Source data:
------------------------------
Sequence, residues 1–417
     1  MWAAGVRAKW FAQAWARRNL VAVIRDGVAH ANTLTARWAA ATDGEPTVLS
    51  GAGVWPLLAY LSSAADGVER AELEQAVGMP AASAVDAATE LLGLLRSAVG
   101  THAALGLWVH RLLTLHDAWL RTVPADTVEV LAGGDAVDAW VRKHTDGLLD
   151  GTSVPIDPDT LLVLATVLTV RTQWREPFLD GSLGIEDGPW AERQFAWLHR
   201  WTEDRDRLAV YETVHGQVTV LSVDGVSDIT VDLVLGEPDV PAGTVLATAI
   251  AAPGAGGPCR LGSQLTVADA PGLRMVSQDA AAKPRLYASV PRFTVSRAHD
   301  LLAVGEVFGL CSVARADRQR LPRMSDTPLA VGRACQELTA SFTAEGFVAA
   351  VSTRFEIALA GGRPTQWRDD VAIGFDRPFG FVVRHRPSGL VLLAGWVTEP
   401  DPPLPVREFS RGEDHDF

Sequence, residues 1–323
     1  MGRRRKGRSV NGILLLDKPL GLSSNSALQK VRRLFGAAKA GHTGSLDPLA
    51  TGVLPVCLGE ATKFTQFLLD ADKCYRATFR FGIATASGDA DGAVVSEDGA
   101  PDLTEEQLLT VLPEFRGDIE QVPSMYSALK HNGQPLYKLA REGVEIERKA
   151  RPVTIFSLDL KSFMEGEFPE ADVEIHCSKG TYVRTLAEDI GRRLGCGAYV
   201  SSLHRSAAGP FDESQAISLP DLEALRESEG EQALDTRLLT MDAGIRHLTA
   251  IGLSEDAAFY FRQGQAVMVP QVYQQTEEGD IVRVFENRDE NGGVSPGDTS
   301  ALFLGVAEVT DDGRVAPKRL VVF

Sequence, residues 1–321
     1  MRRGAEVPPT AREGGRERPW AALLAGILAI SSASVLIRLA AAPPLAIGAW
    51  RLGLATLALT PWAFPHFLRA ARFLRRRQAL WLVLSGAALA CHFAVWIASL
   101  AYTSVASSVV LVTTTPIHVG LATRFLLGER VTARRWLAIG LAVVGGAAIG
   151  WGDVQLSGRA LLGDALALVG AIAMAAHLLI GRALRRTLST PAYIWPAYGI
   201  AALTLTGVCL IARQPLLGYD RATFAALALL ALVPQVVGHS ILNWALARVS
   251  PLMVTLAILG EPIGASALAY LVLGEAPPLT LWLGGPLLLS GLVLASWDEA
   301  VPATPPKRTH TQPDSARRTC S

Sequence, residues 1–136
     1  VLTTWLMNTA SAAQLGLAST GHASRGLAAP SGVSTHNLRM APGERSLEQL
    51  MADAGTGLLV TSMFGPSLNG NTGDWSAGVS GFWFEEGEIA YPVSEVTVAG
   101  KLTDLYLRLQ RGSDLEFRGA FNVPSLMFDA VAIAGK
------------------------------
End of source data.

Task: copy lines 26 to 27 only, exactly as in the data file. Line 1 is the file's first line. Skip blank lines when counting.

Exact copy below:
   301  VPATPPKRTH TQPDSARRTC S

Sequence, residues 1–136